Changeset 06ee63c in sasmodels


Ignore:
Timestamp:
Dec 20, 2017 2:41:35 PM (3 years ago)
Author:
Paul Kienzle <pkienzle@…>
Branches:
master, core_shell_microgels, magnetic_model, ticket-1257-vesicle-product, ticket_1156, ticket_1265_superball, ticket_822_more_unit_tests
Children:
8cfb486
Parents:
7e6bc45e
Message:

update orientation docs

File:
1 edited

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  • doc/guide/orientation/orientation.rst

    r7e6bc45e r06ee63c  
    111111and $\Delta\phi$ are translated into latitude/longitude on the sphere. 
    112112 
    113 Sasmodels is using the *equirectangular* projection. In this projection, 
    114 square patches in angular dispersity become wedge-shaped patches on the 
    115 sphere. To correct for the changing point density, there is a scale factor of 
    116 $\sin(\Delta\theta)$ that applies to each point in the integral. This is not 
    117 enough, though. Consider a shape which is tumbling freely around the $b$ 
    118 axis, with $\Delta\theta$ uniform in $[-180, 180]$. At $\pm 90$, all points 
    119 in $\Delta\phi$ map to the pole, so the jitter will have a 
    120 distinct angular preference. If the spin axis is normal to the beam 
    121 (which will be the case for $\theta=90$ and $\Psi=90$), the scattering 
    122 pattern should be circularly symmetric, but it will go to zero at $\pm 90$ due 
    123 to the $\sin(\Delta\theta)$ correction. This problem does not appear for a shape 
     113Sasmodels is using the 
     114`equirectangular projection <https://en.wikipedia.org/wiki/Equirectangular_projection>`_. 
     115In this projection, square patches in angular dispersity become wedge-shaped 
     116patches on the sphere. To correct for the changing point density, there is a 
     117scale factor of $\sin(\Delta\theta)$ that applies to each point in the 
     118integral. This is not enough, though. Consider a shape which is tumbling 
     119freely around the $b$ axis, with $\Delta\theta$ uniform in $[-180, 180]$. At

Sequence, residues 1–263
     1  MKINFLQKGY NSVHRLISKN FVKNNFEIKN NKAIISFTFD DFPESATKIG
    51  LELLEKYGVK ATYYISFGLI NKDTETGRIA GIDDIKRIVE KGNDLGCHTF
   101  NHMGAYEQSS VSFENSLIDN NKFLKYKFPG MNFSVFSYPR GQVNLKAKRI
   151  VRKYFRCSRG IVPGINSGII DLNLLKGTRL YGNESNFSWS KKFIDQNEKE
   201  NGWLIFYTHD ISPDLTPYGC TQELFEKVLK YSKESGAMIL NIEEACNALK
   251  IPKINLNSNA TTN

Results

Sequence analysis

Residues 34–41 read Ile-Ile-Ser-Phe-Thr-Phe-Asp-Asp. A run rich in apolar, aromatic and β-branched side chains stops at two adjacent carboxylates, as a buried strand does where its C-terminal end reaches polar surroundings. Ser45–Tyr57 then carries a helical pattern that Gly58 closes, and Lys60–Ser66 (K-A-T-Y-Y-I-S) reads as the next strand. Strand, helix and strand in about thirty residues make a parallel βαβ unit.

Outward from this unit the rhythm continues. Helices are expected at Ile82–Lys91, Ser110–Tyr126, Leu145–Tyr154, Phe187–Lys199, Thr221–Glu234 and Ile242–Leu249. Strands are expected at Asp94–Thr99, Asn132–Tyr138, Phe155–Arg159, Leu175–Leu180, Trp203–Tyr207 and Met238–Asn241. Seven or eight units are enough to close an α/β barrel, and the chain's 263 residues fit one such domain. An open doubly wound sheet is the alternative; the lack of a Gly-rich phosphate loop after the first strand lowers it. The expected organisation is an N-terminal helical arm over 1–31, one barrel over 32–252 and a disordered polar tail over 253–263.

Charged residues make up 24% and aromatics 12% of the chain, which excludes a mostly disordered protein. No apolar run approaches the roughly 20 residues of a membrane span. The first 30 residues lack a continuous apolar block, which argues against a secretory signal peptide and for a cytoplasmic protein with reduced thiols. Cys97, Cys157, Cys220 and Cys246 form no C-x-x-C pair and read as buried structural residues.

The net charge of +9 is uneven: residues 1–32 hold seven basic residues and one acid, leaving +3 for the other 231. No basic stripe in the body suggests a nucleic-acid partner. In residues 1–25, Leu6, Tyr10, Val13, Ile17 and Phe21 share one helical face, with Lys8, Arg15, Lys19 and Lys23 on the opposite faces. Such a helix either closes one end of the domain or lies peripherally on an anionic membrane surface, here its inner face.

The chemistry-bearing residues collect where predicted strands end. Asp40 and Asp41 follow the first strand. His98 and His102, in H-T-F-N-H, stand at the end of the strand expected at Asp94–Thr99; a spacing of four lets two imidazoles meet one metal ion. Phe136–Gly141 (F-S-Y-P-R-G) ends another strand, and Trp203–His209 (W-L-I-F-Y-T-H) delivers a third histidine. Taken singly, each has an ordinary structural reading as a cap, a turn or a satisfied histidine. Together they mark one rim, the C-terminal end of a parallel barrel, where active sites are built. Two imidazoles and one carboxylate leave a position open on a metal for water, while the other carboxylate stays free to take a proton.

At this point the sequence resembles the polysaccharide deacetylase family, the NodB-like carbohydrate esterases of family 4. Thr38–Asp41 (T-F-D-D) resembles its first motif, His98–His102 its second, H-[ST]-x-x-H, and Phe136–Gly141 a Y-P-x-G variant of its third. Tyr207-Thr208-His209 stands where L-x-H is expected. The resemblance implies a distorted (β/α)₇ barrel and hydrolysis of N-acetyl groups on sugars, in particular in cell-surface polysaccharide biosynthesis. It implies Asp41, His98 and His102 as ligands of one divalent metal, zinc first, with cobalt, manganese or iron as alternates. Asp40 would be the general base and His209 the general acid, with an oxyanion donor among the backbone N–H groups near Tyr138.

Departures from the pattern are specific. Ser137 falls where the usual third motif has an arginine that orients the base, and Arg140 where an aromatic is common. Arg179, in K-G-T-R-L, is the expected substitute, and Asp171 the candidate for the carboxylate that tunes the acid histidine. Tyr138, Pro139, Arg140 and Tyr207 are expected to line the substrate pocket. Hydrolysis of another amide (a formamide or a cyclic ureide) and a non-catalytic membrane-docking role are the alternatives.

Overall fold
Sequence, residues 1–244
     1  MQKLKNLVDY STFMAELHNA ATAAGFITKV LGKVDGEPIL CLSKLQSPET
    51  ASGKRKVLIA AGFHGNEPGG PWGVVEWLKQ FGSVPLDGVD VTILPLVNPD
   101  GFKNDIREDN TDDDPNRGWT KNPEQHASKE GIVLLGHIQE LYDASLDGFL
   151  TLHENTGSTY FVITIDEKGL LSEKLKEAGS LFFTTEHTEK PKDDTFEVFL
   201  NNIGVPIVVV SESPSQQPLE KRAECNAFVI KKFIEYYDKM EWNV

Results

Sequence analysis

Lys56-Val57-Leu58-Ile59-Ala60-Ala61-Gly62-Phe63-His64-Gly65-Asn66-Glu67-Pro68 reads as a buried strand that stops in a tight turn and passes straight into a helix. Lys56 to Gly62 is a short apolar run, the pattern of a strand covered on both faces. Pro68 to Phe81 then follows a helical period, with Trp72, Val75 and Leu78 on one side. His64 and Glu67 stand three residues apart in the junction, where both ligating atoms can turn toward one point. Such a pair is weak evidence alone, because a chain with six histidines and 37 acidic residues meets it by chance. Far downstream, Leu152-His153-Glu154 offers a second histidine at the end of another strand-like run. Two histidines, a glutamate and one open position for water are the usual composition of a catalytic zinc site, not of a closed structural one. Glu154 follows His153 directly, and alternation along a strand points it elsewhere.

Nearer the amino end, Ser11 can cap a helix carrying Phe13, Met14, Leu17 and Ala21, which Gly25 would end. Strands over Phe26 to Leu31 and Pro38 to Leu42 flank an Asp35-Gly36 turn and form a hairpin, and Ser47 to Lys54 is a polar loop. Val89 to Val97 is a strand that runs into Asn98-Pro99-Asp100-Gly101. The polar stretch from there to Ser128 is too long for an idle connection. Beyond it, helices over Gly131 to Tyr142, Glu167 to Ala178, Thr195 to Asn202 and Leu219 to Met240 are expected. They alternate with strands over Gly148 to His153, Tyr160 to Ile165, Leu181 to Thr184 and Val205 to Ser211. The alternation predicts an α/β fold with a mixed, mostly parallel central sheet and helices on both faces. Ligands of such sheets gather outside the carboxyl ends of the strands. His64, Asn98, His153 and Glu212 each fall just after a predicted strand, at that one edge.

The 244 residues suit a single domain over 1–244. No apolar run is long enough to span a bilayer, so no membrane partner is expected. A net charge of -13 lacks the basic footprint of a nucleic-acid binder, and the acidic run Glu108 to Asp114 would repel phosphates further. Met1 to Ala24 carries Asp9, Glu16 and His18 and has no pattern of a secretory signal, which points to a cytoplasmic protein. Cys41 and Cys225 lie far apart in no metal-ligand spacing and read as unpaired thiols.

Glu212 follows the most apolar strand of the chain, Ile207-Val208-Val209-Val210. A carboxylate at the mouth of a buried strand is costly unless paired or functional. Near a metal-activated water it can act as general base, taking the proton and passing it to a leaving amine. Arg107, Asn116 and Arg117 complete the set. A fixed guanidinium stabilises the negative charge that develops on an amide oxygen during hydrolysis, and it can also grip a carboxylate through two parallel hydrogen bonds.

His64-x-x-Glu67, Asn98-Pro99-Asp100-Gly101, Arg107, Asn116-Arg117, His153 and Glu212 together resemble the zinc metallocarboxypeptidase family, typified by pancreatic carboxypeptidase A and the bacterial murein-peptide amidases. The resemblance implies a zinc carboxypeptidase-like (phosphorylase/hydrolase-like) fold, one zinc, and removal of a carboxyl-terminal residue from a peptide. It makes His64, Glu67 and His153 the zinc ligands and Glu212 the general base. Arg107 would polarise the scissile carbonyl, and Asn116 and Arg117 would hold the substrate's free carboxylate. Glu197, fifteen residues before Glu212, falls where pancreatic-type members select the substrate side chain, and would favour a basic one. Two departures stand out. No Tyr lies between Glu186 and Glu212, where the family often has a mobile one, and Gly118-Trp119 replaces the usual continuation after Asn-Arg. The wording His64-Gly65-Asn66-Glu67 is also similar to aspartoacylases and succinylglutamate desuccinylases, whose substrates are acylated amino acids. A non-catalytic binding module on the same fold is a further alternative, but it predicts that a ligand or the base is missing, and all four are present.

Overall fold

120$\pm 90$, all points in $\Delta\phi$ map to the pole, so the jitter will have 
     121a distinct angular preference. If the spin axis is normal to the beam (which 
     122will be the case for $\theta=90$ and $\Psi=90$), the scattering pattern 
     123should be circularly symmetric, but it will go to zero at $\pm 90$ due to the 
     124$\sin(\Delta\theta)$ correction. This problem does not appear for a shape 
    124125that is tumbling freely around the $a$ axis, with $\Delta\phi$ uniform in 
    125126$[-180, 180]$, so swap the $a$ and $b$ axes so $\Delta\theta < \Delta\phi$ 
    126 and adjust $\Psi$ by 90. This works with the existing sasmodels shapes 
    127 due to symmetry. 
     127and adjust $\Psi$ by 90. This works with the existing sasmodels shapes due to 
     128symmetry. 
    128129 
    129 There are alternative projections. The *sinusoidal* projection works by 
    130 scaling $\Delta\phi$ as $\Delta\theta$ increases, and dropping those points 
    131 outside $[-180, 180]$. The distortions are a little less for middle ranges of 
    132 $\Delta\theta$, but they are still severe for large $\Delta\theta$ and the 
    133 model is much harder to explain. The *Guyou* projection has an excellent 
    134 balance with reasonable distortion in both $\Delta\theta$ and $\Delta\phi$, 
    135 as well as preserving small patches. However, it is considerably more 
    136 expensive to implement, and we have not yet computed the distortion 
    137 correction, measuring the degree of stretch at the 
    138 point $(\Delta\theta, \Delta\phi)$ in the correction. 
     130There are alternative projections. The 
     131`sinusoidal projection <https://en.wikipedia.org/wiki/Sinusoidal_projection>`_ 
     132works by scaling $\Delta\phi$ as $\Delta\theta$ increases, and dropping those 
     133points outside $[-180, 180]$. The distortions are a little less for middle 
     134ranges of $\Delta\theta$, but they are still severe for large $\Delta\theta$ 
     135and the model is much harder to explain. The 
     136`Guyou projection <https://en.wikipedia.org/wiki/Guyou_hemisphere-in-a-square_projection>`_ 
     137has an excellent balance with reasonable distortion in both $\Delta\theta$ 
     138and $\Delta\phi$, as well as preserving small patches. However, it is 
     139considerably more expensive to implement, and we have not yet computed the 
     140distortion correction, measuring the degree of stretch at the point 
     141$(\Delta\theta, \Delta\phi)$ in the correction. 
    139142 
    140143.. note:: 
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